Draw Sharks and other sea creatures with Nick Sharratt


I hope you enjoy this delightful book!




Reading is to the mind what exercise is to the body

Joseph Addison

So…. let’s get those young minds exercising!


For a host of reasons:

  • to help kids develop basic language skills
  • to profoundly expand their vocabularies
  • to widen their consciousness
  • to entertain them!

to name but a few!

The Three Snow Bears by Jan Brett

front cover

A brilliant children’s book is Jan Brett’s ’The Three Snow Bears’: one of her most beautiful picture books, a wintry spinoff of Goldilocks, set in the Arctic. A polar bear family leaves its igloo for a walk to let baby bear’s soup cool just as Aloo-ki, an Eskimo girl, runs past, searching for her team of huskies, which have drifted away on an ice floe. Being a curious girl, she goes inside the polar bear family igloo to eat some soup, wear their boots and take a nap into the ‘littlest’ bed!

Not only the story is gripping, but also the wonderful, intricate illustrations, so typical in all of Jan Brett’s books: the distinctive borders and graphic side panels are hallmarks of her illustrations, and they help beginning readers by foreshadowing events.

Make sure then that kids look at the borders of her drawings: sharpen, thus their observation skills and encourage them to retell the story that takes place in the main frame, but also in the borders!

This is the way I used it with my kindergarten students:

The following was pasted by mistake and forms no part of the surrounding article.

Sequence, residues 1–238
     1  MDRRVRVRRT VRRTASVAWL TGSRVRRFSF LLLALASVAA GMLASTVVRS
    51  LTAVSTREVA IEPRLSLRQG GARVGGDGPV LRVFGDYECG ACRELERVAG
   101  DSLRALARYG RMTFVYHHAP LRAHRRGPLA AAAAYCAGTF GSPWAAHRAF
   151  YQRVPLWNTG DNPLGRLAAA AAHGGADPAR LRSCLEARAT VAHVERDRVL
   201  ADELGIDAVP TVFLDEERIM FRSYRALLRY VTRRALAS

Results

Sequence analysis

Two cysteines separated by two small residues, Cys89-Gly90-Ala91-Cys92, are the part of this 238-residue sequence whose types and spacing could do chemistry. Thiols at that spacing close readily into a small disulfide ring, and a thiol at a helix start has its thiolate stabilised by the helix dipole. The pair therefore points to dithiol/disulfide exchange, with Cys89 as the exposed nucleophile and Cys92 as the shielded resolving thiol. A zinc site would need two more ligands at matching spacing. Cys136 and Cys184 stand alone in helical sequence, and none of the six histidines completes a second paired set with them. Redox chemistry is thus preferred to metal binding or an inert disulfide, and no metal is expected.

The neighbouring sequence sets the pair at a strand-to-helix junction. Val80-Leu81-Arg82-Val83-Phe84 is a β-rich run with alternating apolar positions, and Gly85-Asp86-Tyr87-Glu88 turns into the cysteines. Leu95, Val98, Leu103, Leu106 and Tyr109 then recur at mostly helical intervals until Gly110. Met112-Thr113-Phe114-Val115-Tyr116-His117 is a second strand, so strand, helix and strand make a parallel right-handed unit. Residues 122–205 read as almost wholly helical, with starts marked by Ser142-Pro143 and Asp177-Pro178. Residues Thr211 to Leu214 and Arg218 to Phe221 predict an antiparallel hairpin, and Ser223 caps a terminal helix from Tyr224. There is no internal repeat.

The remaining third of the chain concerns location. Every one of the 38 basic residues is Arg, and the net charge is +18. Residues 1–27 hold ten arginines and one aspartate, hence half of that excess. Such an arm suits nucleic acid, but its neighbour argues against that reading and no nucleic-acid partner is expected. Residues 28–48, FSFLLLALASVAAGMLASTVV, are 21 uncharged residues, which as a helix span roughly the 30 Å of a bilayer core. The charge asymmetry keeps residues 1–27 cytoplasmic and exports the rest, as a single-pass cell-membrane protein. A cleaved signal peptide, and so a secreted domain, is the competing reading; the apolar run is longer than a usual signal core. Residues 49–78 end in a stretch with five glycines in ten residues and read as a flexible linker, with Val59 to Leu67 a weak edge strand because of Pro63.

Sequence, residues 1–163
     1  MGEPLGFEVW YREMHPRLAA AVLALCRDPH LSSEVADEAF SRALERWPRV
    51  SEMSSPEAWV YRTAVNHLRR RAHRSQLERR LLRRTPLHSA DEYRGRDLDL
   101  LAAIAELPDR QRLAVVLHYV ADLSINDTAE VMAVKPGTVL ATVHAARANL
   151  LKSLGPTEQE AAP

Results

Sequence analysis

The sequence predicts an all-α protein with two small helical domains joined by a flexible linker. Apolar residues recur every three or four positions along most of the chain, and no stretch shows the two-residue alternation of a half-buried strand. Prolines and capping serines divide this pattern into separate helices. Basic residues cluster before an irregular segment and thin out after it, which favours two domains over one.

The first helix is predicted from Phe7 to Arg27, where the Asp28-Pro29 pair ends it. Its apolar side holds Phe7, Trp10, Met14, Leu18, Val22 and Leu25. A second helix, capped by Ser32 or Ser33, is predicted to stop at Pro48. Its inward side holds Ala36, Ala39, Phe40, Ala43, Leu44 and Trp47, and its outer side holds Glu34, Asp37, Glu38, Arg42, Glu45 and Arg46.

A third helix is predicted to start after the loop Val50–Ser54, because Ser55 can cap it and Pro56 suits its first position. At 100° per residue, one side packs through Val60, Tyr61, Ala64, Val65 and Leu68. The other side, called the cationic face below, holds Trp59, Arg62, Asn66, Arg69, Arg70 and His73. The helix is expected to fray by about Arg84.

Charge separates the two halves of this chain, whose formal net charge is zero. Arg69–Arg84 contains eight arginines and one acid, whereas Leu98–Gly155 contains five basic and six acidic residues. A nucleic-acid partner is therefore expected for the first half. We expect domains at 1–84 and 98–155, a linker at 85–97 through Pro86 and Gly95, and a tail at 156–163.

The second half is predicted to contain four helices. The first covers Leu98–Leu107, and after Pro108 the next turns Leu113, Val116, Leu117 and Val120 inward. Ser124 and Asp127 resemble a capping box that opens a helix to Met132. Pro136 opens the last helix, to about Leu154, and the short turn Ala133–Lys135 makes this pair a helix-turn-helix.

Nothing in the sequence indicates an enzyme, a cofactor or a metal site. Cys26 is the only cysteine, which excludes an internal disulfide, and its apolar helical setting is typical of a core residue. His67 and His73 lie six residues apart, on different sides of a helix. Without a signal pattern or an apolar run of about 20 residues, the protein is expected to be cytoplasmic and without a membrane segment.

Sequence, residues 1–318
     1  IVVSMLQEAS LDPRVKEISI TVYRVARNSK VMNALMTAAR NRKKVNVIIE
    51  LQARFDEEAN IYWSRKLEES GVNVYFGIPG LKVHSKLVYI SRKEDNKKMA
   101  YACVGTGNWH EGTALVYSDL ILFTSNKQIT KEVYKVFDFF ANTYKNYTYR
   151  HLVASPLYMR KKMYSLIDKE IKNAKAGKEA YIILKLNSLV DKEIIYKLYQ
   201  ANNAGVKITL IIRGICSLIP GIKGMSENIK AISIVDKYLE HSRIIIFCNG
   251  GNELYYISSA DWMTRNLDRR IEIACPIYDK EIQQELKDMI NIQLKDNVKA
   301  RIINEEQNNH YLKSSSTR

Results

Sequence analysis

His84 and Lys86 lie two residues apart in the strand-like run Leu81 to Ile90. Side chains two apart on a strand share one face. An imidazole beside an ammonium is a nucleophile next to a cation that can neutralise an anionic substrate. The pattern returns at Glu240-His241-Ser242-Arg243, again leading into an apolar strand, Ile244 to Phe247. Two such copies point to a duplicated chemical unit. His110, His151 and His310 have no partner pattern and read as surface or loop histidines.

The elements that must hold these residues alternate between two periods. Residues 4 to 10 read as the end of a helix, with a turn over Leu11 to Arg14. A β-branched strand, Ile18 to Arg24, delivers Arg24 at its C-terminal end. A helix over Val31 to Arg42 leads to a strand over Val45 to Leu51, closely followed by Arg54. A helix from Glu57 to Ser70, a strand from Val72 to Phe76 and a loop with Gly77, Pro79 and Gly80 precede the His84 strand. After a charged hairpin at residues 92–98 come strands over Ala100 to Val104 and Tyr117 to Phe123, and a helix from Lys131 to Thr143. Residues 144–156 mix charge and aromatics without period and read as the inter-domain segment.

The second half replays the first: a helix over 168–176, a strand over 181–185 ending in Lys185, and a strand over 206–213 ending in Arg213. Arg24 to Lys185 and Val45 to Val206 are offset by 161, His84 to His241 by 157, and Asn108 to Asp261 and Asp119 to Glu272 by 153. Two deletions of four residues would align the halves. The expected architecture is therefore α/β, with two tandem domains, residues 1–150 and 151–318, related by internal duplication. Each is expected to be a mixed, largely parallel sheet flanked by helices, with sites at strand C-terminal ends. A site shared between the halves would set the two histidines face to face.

You can see a video of how I used all this material (not at the Kindergarten, though, for reasons of children’s safety)

For the story patterns I used pics from the book. Here are the pdfs:





Here’s a worksheet (with a matching activity) I created and used:

The Three Snow Bears worksheet


For the little figures around and in the igloo I used the material for the bears I found in Jan Brett’s site and I drew Aloo-ki myself (not as well as Jan, I must admit!)

Aloo-ki and the polar bear family

For the igloo I used white self-hardening clay which I rolled into a flat sheet with a rolling pin and put it on top of a bowl covered in cling film. When the clay hardened I carefully removed the bowl and painted the igloo. Follow the steps here to make your own set:

You can also use a white plastic bowl or a plastic cup and a white plastic plate to make your Arctic scene (use blue permanent marker – and a steady hand!!!- to draw the ice blocks of the igloo).

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As a follow-up activity I made some igloos for the students, a little eskimo and a little penguin (the kids had to colour the eskimo clothes in specific colours; blue for the pullover, red for the pants and also the penguin’s flippers and beak). Before attaching them with Blu Tack we practiced placing them in or on the igloo.



Enjoy this brilliant book!!!


mary bear hybernating 1

It’s winter time! Let’s talk about animals hibernating!

But what is hibernation?

Watch these enlightening videos (I learnt a lot myself!!!)

Getting Ready for Hibernation!  and Hibernation of Animals

Here are some nice puppets: Hibernating animals puppets